Geri Allen died on Tuesday (June 27) at 60, only a day or two after word got out that she was in grave health. I didn't know Geri beyond a few brief off-stage greetings at the Knitting Factory, Newport, and Jazz in July at UMass, but over the past 30 years, I saw her brilliance displayed on bandstands with Charlie Haden & Paul Motian; Charles Lloyd; Wallace Roney; and the trio seen below with Spalding Esperanza and Terri Lyne Carrington. I always sensed a great feeling of love from her toward her collaborators and the music they created. Geri declared as much with the opening title on her 1984 debut album The Printmakers, "A Celebration of All Life." Among many distinguished compositions that followed was her 2006 orchestral and choral work, "A Healing for All Nations," which was commissioned by her alma mater Howard University in tribute to victims and survivors of the 9/11 attacks.
Geri Allen was born in Detroit in 1957, was raised by parents who loved jazz, and was encouraged by the city's jazz community, including the faculty at the fabled Cass Tech High School, and her mentor #MarcusBelgrave. Geri went on to study with the legendary John Malachi at Howard and upon graduation won an NEA grant that enabled her to live in New York and study with #KennyBarron. She then went on to earn a Masters at the University of Pittsburgh, then made the New York scene in 1983, where she promptly recorded with #OliverLake on his Black Saint album, Expandable Language.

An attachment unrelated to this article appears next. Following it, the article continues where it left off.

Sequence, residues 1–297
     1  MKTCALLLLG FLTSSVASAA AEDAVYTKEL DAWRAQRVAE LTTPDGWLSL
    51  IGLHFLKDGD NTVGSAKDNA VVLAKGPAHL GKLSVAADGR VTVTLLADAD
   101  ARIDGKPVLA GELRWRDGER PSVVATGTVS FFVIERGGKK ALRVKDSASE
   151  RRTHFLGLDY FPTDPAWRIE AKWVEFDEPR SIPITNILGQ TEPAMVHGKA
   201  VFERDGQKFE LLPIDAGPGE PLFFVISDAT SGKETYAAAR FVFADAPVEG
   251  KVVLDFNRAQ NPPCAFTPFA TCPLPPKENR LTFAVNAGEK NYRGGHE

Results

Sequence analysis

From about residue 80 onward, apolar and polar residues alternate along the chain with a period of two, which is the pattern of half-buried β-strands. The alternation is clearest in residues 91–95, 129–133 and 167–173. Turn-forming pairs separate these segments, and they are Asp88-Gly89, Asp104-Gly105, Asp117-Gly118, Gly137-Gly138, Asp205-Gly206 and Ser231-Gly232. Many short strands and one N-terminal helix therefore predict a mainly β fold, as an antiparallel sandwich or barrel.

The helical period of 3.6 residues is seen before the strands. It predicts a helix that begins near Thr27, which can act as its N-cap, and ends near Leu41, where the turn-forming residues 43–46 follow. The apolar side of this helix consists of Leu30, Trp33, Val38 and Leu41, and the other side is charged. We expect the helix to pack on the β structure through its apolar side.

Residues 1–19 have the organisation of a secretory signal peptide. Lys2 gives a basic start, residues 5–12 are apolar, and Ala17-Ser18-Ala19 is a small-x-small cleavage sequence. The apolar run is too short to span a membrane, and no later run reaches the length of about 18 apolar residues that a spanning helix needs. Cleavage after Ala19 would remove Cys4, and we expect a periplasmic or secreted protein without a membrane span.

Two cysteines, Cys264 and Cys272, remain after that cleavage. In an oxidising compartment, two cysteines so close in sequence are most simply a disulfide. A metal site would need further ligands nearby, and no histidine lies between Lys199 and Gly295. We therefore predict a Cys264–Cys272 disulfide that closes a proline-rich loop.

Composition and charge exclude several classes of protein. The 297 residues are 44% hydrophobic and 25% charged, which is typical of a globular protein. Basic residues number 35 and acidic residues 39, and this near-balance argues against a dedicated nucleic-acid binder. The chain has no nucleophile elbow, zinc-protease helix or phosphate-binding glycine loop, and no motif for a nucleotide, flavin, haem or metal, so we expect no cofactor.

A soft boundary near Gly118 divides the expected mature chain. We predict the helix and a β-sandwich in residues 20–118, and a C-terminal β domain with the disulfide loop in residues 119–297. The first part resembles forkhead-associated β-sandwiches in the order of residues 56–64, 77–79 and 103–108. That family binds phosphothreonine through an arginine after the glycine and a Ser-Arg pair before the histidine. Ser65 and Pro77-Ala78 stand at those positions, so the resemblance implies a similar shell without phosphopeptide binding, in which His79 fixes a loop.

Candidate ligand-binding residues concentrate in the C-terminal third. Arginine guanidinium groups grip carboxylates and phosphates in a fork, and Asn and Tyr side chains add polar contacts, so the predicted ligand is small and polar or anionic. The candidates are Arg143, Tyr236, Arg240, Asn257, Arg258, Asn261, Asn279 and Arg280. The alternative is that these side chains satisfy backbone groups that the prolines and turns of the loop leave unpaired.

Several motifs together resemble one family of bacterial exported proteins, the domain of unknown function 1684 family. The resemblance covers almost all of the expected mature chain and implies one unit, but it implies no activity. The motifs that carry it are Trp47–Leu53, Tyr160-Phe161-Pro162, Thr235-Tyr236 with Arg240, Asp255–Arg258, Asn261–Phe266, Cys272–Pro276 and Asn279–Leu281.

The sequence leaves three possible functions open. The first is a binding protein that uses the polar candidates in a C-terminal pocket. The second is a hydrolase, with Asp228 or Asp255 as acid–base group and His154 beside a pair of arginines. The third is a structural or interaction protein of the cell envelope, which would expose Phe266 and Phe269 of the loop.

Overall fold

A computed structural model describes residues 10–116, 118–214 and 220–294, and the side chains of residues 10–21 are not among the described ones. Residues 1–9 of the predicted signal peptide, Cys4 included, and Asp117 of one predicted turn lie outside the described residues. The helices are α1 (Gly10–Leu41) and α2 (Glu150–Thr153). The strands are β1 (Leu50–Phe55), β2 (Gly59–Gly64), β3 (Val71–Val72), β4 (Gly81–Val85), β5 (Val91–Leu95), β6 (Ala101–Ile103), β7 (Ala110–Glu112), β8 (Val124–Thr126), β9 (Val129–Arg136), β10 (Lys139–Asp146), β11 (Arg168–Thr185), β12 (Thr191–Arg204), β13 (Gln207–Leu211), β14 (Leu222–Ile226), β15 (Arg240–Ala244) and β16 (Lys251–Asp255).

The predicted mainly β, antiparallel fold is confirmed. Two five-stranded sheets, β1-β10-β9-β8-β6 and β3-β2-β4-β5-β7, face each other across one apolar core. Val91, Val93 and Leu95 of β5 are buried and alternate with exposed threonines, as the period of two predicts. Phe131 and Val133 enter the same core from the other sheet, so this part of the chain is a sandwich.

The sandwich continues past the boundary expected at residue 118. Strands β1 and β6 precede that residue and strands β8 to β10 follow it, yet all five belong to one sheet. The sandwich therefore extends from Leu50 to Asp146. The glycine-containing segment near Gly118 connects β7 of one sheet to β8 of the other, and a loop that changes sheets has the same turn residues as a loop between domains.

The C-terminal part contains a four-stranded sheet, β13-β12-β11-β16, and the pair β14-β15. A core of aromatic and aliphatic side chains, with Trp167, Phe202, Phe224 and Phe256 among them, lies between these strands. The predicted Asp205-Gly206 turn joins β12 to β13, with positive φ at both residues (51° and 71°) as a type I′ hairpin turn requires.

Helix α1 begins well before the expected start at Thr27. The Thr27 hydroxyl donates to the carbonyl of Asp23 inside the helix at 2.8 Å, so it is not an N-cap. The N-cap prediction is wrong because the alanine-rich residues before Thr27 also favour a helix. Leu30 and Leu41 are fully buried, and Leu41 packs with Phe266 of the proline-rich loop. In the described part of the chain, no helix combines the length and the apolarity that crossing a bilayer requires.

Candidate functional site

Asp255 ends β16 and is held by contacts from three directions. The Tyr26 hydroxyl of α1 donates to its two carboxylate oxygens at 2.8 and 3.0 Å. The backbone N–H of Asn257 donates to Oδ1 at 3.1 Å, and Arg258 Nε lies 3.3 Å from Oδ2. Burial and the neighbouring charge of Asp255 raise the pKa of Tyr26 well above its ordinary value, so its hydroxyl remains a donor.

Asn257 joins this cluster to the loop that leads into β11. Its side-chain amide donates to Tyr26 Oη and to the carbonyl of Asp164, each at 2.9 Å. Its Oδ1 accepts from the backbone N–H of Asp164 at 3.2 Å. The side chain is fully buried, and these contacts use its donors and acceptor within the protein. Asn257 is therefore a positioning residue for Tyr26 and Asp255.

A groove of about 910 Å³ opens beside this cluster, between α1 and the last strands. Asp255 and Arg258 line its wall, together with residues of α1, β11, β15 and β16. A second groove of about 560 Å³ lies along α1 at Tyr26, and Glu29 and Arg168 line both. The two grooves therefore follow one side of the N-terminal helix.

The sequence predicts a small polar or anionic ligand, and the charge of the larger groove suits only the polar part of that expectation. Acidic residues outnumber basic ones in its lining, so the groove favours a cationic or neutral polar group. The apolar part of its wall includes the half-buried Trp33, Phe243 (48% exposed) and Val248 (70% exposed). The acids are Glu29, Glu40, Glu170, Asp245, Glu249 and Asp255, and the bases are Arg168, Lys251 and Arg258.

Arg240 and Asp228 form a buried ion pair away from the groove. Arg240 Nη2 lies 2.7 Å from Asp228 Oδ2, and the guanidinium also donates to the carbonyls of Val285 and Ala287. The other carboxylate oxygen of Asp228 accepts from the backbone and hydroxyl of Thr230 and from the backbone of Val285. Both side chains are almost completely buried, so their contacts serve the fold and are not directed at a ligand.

While struggling to establish more of her own identity on the New York scene, Geri worked with two renowned singers, the former Supreme Mary Wilson, and jazz great #BettyCarter. In various interviews that are posted on YouTube, she's credited Betty's "tenacity" as a powerful example of what it takes to forge ahead with a career whose ultimate marker of success she heard expressed by Art Blakey as "longevity." The pianist said that while she didn't go to Betty's level of owning her own record label (Bet-Car), she was able to carry through on her own recording projects with substantial independence. She also found in Carter an example of a woman who was at the ready for any situation, and a stickler for readiness on the bandstand. Through the years, Geri was managed by Ora Harris, whom she first met as Betty's manager.
Geri returned to Pitt in 2013, where she led the Jazz Studies program (one of the few in the nation that grants a Ph.D) and further consolidated the school's role as guardian of #MaryLouWilliams's legacy. She spoke with awe and said she was "absolutely optimistic" about the high standards of musicianship ("talent off the charts") that she witnessed in young players, and of what she sees as their commitment to the music's "continuity" with tradition. Alas, today there's a rupture in that continuity, as the music has lost a woman of graciousness, beauty, and quiet leadership. And the nation has lost an artist whose life played out in urban centers of the Northeast and Midwest, especially Detroit. The city was left for dead a generation ago, but it perseveres as a place that Rebecca Solnit, in her essay, "Detroit Arcadia," assesses as "a stronghold of possibility." Nurtured in the Motor City, Geri Allen readily acknowledged the roles that many teachers and musicians played in helping her pursue her own world of possibilities, and now leaves a legacy of inspiration and accomplishment for others to follow.